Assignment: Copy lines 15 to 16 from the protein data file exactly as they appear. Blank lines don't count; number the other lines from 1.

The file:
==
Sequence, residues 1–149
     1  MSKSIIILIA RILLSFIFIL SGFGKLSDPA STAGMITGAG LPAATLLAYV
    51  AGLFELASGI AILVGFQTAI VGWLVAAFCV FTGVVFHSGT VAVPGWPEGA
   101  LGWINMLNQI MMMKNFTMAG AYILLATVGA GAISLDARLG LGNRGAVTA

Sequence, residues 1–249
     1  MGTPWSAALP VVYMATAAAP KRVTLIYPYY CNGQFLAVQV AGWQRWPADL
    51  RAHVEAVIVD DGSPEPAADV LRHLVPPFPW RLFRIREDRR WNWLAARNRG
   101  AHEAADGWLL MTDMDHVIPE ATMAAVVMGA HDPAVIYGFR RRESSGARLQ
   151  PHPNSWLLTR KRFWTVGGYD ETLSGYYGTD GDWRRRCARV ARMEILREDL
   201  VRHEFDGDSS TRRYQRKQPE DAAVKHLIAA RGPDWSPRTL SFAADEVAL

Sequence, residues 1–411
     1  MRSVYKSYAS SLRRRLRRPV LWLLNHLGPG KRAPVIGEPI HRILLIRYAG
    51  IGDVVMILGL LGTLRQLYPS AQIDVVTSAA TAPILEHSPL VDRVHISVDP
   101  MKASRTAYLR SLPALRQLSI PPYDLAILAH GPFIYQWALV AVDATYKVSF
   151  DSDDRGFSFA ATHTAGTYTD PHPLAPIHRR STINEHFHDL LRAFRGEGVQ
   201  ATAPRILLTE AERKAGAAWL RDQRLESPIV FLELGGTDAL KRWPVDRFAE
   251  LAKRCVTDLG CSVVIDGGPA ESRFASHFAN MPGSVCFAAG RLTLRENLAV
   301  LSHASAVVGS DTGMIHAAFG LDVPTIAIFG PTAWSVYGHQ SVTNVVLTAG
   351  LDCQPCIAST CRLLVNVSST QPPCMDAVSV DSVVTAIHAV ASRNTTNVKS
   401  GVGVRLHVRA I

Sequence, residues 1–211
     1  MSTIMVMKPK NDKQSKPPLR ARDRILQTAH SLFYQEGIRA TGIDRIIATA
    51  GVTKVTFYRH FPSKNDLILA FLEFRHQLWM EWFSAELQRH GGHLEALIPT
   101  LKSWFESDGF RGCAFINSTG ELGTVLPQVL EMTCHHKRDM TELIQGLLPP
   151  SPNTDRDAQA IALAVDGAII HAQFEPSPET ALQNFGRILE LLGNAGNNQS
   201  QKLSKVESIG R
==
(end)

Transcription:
   151  DSDDRGFSFA ATHTAGTYTD PHPLAPIHRR STINEHFHDL LRAFRGEGVQ
   201  ATAPRILLTE AERKAGAAWL RDQRLESPIV FLELGGTDAL KRWPVDRFAE